Jay-Z, “The Blueprint” (2001, 6 votes)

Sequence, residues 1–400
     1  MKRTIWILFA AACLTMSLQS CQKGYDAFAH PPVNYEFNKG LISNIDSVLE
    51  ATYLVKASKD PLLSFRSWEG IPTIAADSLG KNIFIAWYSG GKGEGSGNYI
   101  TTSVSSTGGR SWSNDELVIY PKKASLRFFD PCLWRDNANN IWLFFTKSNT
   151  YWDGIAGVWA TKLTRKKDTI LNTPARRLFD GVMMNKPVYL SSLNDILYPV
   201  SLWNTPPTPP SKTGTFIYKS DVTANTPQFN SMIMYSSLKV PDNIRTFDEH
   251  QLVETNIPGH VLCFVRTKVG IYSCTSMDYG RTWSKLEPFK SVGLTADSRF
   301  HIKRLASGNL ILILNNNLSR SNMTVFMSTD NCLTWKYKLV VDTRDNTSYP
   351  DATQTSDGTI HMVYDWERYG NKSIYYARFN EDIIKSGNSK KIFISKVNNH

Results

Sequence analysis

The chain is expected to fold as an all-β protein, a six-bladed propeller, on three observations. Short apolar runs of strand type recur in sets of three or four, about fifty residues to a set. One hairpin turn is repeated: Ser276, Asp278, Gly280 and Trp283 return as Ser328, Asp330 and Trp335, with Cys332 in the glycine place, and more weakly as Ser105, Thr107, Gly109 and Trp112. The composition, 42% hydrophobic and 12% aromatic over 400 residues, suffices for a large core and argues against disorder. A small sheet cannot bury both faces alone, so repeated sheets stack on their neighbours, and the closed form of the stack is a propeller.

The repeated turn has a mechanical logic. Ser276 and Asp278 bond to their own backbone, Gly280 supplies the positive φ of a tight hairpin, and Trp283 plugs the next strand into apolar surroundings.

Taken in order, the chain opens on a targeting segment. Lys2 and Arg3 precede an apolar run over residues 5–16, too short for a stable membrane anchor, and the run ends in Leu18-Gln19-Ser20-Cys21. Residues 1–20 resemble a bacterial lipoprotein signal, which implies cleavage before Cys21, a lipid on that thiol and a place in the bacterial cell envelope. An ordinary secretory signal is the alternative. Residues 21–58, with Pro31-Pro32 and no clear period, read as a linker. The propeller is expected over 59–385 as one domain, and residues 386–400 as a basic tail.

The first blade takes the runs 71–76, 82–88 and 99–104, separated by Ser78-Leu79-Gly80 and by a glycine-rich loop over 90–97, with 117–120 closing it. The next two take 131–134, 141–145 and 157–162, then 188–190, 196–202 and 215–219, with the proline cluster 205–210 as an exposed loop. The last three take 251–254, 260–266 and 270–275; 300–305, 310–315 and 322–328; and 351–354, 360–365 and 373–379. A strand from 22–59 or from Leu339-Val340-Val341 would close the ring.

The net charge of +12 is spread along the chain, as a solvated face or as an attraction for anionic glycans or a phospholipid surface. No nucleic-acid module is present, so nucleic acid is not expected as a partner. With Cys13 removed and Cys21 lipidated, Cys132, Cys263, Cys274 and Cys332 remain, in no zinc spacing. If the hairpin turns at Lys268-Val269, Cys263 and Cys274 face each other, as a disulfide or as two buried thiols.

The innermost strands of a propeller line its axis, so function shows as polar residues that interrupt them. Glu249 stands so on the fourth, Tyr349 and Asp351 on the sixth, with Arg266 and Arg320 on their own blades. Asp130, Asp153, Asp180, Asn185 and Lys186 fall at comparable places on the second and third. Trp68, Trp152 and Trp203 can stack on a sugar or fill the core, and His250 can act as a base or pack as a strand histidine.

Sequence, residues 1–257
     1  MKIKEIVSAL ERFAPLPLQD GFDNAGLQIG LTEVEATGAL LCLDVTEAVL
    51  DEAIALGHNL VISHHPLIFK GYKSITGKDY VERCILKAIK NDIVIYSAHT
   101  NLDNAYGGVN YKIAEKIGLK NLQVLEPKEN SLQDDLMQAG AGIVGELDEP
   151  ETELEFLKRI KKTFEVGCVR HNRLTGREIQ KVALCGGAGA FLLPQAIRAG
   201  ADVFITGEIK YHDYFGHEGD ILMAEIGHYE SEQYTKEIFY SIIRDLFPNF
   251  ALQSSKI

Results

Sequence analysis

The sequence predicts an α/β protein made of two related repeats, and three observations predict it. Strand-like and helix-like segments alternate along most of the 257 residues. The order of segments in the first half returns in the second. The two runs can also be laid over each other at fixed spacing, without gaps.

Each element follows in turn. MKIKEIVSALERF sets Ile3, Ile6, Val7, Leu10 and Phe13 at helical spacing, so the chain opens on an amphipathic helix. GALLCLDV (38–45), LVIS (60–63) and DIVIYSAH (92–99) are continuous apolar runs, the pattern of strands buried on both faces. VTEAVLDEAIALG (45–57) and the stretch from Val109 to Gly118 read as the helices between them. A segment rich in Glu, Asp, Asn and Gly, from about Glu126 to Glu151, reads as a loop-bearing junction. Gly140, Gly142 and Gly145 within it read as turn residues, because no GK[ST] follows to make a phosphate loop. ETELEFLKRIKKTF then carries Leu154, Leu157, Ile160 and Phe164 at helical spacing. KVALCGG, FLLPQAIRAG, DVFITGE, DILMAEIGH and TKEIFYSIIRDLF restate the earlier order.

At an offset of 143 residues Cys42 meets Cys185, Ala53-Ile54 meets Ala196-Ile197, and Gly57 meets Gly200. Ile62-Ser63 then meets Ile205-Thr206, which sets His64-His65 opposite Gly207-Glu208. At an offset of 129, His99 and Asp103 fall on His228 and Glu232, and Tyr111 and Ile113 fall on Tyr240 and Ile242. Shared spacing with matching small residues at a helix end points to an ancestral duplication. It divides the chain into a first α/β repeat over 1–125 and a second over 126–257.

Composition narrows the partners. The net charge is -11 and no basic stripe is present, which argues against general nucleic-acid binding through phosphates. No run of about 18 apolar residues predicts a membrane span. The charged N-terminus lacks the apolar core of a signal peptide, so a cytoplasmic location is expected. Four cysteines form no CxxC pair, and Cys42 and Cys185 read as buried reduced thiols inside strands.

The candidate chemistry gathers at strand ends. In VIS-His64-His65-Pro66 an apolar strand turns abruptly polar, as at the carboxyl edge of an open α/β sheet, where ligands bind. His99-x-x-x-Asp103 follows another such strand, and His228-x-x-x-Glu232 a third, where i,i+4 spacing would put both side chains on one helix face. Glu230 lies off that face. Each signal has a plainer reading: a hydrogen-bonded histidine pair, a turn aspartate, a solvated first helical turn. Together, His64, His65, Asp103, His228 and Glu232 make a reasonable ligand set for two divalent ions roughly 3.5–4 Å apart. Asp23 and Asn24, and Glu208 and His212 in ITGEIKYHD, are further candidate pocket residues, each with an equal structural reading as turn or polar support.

Hip-hop is a particularly blank spot for me in the 2000s. I’m a big fan of the 1985-1995 “Golden Age”, but after that my knowledge drops off rapidly. And Jay-Z is a blank spot for me within 2000s hip-hop- I know the kids I was in rehab with at the end of 2006 loved him, but that’s about it. So I’m looking forward to this review increasing my knowledge, if nothing else. First impressions? You’ve gotta like an album that starts off thanking you for your purchase, which track one “The Ruler’s Back” does. Also nice use of musical sampling, what sounds like some soundtrack selections and a classic soul riff in there too. Seriously, track two “Takeover” is sampling the Doors? Love it! Nice strong beat too, almost reminds me of the metallic beats I so loved from 80s hip-hop a-la Run-DMC, Public Enemy, LL Cool J’s first album, etc. I can certainly hear Kanye West’s production influence here, and the things I really like about his first album I also like about this- clever use of sampling, variations of tempo and pacing that avoids the droning sound badly produced hip-hop can get in to, the braggadocio backed up by intelligent lyrics. “Girls, Girls, Girls” for example, is the kind of cock-boasting you might expect, but with such great soul-sampled hooks and funny twists of phrase that it gets away with it. This album definitely does the obsession with feuding with other big rap names and super-materialist trip that I don’t especially dig about East Coast rap, but it’s so far pretty free from gangster bullshit, which is nice. Oh, well it was until track six- “You Don’t Know”, which could be seen as critical commentary of inner city life, but is on the edge of celebrating it too. Damn do I love it musically, though! And Hola’ Hovito is getting points from me for the Hispanic call-outs. Track eight, “Heart of the City” is a beautiful thing to behold, too, at once existing in, and criticizing, the trash-talk between hip-hop artists. Track nine, “Never Change” is a nice mellow slow jam, and is also making realize that one thing I haven’t been for one second so far in this album is bored. Also, as I listen more closely, I’m realizing it’s a mellow slow groove about carrying guns and living a life of crime because, hey, I’ll never change. Hmmmm. Then “Song Cry” is a breakup song that understands how the woman wants out, while still calling her “the bitch”. Oh hip-hop… I don’t imagine he gets away with that with Beyonce these days. So far I’d say I’m 110% with this album in terms of music and production, and 75% with it in terms of lyrics and intention. That’s still 92.5% on average, so there you go. Certainly digging the Emminem guest appearance on “Renegade”. And then there’s the last track, “Blueprint”, where all the boasting and self-promotion just evaporates and is replaced by a heartfelt tribute to his family. Mighty fine way to finish.